What we’re doing to begin with is we’re saying, “Look, what we need to do is put the definition of what local is from the perspective of this site in the hands of the user.” We talk about personalization but what I want to start talking about is context of your life. The user has a context of their life and their context is that I might identify myself as being a local to the Bay Area, but my next-door neighbor might think of San Francisco only as where their local context is. How do you build a site that responds to both of those people’s concerns in a fluid manner? That’s what we’ve built.

So what happens is that, for example in Brooklyn — I think we’ve got twelve or fifteen neighborhoods in Brooklyn, specific neighborhoods. So let’s say you’re looking at Bensonhurst’s stuff. You’re reading a restaurant review in Bensonhurst and you click on Bensonhurst, say, “Show me all the restaurants you got in Bensonhurst,” because what we allow you to do is combine. I don’t know the context. I’m gonna allow you to set the context. Right?

So you say, “The context I’m interested in is Bensonhurst and I want to see all the restaurant reviews in Bensonhurst.” Well, everybody’s posted a restaurant review in Bensonhurst, there they are. If there’s not enough content, and if you think, “Oh well, wait a minute, I’d like to see all the restaurant reviews in Brooklyn,” all you got to do is click Brooklyn [on the page’s bread crumb trail] and suddenly, bang, you get everything in Brooklyn.

OJR: One of the distinguishing characteristics about my hometown, the L.A. area, not that it isn’t beginning to happen in other metro areas as well, is as you go by neighborhood to neighborhood, you’re not just changing geography, you’re also changing, literally, the language spoken by the people in that neighborhood. Tell me a little bit about how CityTools is accommodating language differences.

Cauthorn: We currently support 13 languages. And we believe, we’re not sure about this, but we believe we’re the first multilingual news site in the world. Up until now, if you speak Spanish and you’re in Los Angeles, you have the choice of an English language newspaper or a Spanish language newspaper, either in print or online. But I go down to the mission in San Francisco and you hear people freely mingling Spanish and English together. That’s the context of their life. Right?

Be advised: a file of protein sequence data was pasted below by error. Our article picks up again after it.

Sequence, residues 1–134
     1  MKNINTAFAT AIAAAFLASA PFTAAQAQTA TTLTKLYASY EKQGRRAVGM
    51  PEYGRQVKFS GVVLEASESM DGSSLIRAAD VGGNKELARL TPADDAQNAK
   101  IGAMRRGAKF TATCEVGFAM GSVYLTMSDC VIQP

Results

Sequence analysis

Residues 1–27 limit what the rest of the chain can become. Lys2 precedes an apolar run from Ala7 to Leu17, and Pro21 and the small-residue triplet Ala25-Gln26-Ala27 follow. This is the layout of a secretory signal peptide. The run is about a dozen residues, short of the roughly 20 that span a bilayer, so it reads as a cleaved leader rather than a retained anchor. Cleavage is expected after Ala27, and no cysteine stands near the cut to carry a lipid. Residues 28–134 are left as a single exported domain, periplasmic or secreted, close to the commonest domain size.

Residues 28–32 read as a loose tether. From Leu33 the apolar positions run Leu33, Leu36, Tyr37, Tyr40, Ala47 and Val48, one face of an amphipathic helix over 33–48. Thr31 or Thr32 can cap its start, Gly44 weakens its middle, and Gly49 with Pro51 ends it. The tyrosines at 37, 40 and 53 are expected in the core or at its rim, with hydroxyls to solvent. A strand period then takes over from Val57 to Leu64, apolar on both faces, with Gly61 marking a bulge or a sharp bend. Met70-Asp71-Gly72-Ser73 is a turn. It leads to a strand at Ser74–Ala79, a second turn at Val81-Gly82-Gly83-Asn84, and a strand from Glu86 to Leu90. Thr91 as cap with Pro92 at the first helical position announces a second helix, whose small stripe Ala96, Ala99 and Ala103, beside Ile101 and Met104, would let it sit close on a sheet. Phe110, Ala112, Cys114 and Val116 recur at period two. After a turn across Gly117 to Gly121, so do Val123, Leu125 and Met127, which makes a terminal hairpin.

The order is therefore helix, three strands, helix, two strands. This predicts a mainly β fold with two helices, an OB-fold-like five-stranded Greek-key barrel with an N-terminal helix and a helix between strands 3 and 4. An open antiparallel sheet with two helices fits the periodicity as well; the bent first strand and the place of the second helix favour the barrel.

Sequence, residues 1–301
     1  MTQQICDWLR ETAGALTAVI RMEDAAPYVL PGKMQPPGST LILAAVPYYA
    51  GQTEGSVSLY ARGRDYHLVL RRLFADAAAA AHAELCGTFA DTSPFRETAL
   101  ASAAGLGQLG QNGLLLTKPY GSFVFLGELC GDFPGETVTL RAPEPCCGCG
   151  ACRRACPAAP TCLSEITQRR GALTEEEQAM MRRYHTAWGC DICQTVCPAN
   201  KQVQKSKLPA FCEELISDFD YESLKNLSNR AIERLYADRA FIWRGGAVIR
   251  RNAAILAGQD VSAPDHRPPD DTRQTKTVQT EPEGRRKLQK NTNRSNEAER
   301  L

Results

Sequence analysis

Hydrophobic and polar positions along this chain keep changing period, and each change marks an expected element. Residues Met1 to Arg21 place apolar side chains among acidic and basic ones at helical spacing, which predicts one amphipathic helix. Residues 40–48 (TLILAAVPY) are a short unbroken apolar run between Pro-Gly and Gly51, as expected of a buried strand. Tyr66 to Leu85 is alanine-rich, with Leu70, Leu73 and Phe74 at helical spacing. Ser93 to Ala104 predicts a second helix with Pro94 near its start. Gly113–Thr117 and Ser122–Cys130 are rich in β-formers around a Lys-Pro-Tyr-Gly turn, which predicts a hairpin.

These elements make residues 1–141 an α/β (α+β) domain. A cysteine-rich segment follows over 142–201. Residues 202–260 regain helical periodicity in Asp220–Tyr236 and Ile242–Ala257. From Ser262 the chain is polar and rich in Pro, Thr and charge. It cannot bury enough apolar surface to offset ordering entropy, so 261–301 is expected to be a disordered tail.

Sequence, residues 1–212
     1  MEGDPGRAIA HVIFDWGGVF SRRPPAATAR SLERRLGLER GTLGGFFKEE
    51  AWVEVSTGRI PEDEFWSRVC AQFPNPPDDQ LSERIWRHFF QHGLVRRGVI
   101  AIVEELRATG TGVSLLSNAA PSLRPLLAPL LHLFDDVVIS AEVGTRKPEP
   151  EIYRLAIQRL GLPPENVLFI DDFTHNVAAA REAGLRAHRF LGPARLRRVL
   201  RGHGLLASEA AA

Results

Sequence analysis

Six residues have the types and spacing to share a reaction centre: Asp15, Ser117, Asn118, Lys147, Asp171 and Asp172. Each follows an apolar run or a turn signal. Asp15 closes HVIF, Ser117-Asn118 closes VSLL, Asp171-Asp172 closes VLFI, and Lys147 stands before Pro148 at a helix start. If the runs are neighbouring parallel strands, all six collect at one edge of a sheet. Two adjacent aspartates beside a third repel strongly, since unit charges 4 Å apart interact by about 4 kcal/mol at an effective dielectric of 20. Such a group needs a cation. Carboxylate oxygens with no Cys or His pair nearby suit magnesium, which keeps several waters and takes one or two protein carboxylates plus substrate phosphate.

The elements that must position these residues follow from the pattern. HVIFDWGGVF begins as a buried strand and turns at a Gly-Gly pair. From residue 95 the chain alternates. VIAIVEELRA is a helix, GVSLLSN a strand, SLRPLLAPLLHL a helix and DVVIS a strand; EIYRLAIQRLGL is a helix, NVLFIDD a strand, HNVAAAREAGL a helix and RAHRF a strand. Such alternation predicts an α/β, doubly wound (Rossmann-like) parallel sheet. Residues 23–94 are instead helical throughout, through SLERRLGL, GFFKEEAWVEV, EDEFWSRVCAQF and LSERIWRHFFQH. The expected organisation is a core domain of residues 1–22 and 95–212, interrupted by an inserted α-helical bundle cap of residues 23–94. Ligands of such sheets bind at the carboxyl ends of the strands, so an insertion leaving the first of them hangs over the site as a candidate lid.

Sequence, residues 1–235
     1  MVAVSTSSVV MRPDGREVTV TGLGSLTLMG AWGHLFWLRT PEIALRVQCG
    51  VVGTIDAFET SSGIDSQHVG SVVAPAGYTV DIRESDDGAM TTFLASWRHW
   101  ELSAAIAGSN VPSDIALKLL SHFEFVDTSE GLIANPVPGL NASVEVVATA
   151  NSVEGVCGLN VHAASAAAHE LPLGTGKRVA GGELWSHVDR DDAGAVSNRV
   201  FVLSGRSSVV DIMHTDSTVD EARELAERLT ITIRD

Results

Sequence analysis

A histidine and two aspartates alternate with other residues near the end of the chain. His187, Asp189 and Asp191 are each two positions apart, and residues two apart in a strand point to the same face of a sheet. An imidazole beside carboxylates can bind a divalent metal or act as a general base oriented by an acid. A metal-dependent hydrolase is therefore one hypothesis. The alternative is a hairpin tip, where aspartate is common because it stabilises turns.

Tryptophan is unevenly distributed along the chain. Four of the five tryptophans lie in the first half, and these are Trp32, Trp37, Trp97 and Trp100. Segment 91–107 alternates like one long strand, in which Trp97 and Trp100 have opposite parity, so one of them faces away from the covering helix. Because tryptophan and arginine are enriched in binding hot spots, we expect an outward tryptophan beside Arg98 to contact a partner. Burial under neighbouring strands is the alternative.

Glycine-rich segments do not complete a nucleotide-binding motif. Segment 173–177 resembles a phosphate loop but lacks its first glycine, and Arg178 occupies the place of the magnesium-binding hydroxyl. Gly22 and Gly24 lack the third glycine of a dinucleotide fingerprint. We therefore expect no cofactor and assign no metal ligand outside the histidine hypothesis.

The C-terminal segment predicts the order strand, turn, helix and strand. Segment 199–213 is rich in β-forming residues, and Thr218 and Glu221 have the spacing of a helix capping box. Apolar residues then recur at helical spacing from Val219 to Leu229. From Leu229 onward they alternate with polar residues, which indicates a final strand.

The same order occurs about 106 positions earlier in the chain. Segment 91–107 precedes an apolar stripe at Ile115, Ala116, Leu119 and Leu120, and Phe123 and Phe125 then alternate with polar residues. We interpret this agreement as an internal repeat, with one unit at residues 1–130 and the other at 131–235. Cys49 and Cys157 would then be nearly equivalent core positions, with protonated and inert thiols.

So what we do is we allow you to say, “Okay, I only want to see Spanish language content in East L.A.” So you’ve got it. If you’re comfortable in Spanish and English, you can have Spanish and English and it’s freely mixed in there.

Now think about this in terms of business model, what happens when you have bilingual classifieds? Imagine what would happen if the Hispanic community in Los Angeles had the ability to say, “Okay, I want to see classifieds in Spanish or English.”

That’s what I’m talking about when is say context. I want to know where you live, I want to know what languages you speak, tell me what you’re interested in. I will change the nature of the site to match those things. This is a big deal, we think.

Now, that’s – so that’s all really powerful, but then we get into some other stuff that also we believe is quite new. And you’re getting back to what distinguishes us from the other sites that have come before. We have this entire group publishing model that anybody can create what we call teams.